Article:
Women in medicine: the right to gender equality

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This article was exclusively written for The European Sting by Ms. Carolina Calandrine Duarte, a 3rd year medical student at the Centro Universitário do Planalto Central Apparecido dos Santos -UNICEPLAC in Brasília, Brazil. He is affiliated with the International Federation of Medical Students Associations (IFMSA), cordial partner of The Sting. The opinions expressed in this piece belong strictly to the writer and do not necessarily reflect IFMSA’s view on the topic, nor The European Sting’s one.


Until 2020 the synonyms found, when one searched for the word “woman” in Oxford English Dictionary, included some highly offensive words such as frail and bint. This shows how there is structural discrimination against women. As we analyse the female´s role in society and in medicine, we see that for many years women were largely treated with inequity. For centuries, they were seen only as breeders and caretakers of the home and children, and not as professionals, being excluded from the realms of science and medicine.

This point of view has been changing throughout the years due to many important women in history who fought for their rights, such as Simone de Beauvoir. Feminist movements were also essential to promote actions and inspire women globally.

Despite all the progress that was made and the increase in gender balance in the medical workforce around the world, women physicians still face difficulties. Due to domestic responsibilities, rigidity in career structures, lack of access to education, and discrimination, they represent yet only 46% in the medical comunity in the US for example, showing the gender gap that still exists. Studies show that there are many fields inside medicine where women are still substantially under-represented such as neurosurgery, orthopaedics, urology, general surgery, radiology, and others fields where professional and even patients still show prejudice and reluctance in female acceptance. Besides, it is known that, until today, there are differences not only in the way they are treated but in salary and in a greater difficulty to reach higher positions too.

A large part of the discrimination reported by women health professionals comes from historical belief, taught since our ancestors, that men are strong, fearless and confident, which women are not, and that in times of pressure they are not emotionally stable enough to solve problems and make decisions, bringing the false conception that they cannot be in lidership. However, thoughts like that should not be tolerated anymore.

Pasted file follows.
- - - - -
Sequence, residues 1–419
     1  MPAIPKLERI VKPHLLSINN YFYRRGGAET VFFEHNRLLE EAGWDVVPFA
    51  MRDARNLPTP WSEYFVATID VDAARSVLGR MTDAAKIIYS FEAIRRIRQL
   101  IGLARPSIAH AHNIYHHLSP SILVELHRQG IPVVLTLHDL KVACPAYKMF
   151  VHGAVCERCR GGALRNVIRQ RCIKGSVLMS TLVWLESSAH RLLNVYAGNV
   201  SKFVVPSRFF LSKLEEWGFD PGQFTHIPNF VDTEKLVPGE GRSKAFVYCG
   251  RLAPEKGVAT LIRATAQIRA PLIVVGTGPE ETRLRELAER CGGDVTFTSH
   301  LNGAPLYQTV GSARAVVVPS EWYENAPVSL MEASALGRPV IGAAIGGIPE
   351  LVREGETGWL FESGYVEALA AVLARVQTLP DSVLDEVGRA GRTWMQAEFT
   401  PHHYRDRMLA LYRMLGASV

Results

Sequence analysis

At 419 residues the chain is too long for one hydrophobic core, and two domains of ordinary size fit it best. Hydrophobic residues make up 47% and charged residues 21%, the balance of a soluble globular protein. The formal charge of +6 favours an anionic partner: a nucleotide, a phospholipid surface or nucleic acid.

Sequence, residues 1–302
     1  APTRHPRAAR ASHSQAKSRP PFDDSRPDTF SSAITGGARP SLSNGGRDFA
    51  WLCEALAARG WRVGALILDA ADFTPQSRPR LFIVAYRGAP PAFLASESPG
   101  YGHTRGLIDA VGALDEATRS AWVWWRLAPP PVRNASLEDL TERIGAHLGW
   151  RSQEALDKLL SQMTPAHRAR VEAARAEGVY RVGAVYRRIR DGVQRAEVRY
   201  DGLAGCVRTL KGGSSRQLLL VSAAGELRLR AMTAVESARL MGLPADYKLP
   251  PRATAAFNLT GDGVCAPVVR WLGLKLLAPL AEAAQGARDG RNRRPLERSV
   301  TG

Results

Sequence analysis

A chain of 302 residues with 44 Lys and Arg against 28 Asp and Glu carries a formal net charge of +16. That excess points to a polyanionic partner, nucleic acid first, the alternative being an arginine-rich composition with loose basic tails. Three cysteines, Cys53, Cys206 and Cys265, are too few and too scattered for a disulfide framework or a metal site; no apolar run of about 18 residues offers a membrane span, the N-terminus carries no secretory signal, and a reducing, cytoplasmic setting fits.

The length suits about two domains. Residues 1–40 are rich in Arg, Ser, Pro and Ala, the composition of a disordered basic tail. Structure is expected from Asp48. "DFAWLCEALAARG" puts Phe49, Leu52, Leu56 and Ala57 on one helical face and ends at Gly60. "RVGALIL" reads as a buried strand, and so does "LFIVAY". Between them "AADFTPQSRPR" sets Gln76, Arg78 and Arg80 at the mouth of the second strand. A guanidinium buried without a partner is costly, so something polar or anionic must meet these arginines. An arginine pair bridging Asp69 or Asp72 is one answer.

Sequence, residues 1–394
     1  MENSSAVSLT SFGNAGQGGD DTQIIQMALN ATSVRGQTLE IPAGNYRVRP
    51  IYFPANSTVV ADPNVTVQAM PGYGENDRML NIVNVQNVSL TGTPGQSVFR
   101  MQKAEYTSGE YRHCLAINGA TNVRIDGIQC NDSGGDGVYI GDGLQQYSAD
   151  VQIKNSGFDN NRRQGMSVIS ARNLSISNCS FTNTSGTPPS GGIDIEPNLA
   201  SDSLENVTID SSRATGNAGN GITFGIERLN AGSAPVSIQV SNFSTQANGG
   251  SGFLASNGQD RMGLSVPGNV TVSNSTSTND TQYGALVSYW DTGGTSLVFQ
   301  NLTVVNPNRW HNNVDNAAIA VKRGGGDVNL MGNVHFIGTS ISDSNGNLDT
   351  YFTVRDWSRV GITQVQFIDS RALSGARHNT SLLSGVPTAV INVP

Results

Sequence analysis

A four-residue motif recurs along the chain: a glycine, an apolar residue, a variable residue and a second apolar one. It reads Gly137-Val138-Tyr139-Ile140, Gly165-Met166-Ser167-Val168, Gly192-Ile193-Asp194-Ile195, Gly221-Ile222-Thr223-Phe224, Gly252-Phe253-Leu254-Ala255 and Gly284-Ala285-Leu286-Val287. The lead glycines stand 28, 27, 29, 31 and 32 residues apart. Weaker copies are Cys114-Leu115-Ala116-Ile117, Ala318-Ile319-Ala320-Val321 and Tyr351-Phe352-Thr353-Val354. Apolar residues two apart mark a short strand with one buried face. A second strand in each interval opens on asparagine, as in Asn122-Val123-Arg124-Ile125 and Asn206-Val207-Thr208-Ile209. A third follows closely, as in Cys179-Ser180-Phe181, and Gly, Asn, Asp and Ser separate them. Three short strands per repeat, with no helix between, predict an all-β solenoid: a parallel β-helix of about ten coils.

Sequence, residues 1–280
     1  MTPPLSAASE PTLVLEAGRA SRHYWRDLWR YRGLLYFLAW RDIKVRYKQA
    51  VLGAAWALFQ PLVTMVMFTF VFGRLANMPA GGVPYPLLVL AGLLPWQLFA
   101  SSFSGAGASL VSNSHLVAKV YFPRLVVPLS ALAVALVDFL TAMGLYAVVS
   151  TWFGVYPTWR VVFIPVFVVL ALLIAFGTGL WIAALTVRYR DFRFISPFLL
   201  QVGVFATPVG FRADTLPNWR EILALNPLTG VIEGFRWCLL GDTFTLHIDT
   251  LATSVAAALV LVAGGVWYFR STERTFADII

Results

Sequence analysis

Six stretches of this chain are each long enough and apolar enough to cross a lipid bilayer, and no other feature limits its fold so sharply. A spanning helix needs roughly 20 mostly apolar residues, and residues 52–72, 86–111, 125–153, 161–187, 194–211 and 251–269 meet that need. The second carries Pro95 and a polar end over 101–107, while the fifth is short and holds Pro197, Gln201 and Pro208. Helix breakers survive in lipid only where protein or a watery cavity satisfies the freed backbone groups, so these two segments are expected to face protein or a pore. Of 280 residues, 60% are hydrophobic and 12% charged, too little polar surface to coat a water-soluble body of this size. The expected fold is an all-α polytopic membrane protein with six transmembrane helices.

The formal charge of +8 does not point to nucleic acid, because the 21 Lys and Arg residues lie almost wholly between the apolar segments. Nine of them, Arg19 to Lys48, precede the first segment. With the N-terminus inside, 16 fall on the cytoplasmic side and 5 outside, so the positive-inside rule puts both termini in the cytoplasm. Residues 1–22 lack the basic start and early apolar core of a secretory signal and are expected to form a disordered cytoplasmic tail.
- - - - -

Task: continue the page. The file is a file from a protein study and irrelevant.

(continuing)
According to Hillary Clinton’s quote that says that every woman is valuable and powerful, deserving of every chance and opportunity in the world to pursue and achieve their own dreams, it shows that initiatives to preserve and increase the representation of women are essential to get to the point where all ideas, opinions and rights are heard and respected, and where there is no more discrimination and differences, regardless of gender, especially in medicine.

References

  1. JEFFERSON, Laura, et al. Women in medicine: historical perspectives and recent trends. British Medical Bulletin, 8 de março de 2015. Disponível em:  http://citeseerx.ist.psu.edu/viewdoc/download?doi=10.1.1.927.3938&rep=rep1&type=pdf. Acesso em: 20 de março de 2021.
  1. RESHMA, Jagsi, et al. Sex, role models, and specialty choices among graduates of US medical schools in 2006-2008. Journal of the American College of Surgeons, 19 de Novembro de 2013. Disponível em: Sex, role models, and specialty choices among graduates of US medical schools in 2006-2008. – Abstract – Europe PMC. Acesso em: 19 de março de 2021.
  1. BONIOL, Mathieu, et al. Gender equity in the health workforce: Analysis of 104 countries. Health Workforce Working paper 1, março de 2019. Disponível em: https://apps.who.int/iris/bitstream/handle/10665/311314/WHO-HIS-HWF-Gender-WP1-2019.1-eng.pdf. Acesso em: 19 de mar de 2021.
  1. FLOOD, Alison. Fresh call for Oxford dictionaries to change ‘sexist’ definitions. The guardian, 3 mar de 2020. Disponível em: Fresh call for Oxford dictionaries to change ‘sexist’ definitions | Books | The Guardian. Acesso em: 19 mar de 2021.

About the author

Carolina Calandrine Duarte is a 3rd year medical student at the Centro Universitário do Planalto Central Apparecido dos Santos -UNICEPLAC in Brasília, Brazil. She has always been interested in new cultures, travel and languages, is fluent in English and speaks Korean, was president of the gynecology and obstetrics league at her university for 2 years, where she was involved in several projects such as lectures, congresses and symposia. She is committed to learning, participating in academic activities, producing and inspiring people, all with the goal of being a good and empathetic professional in the future.

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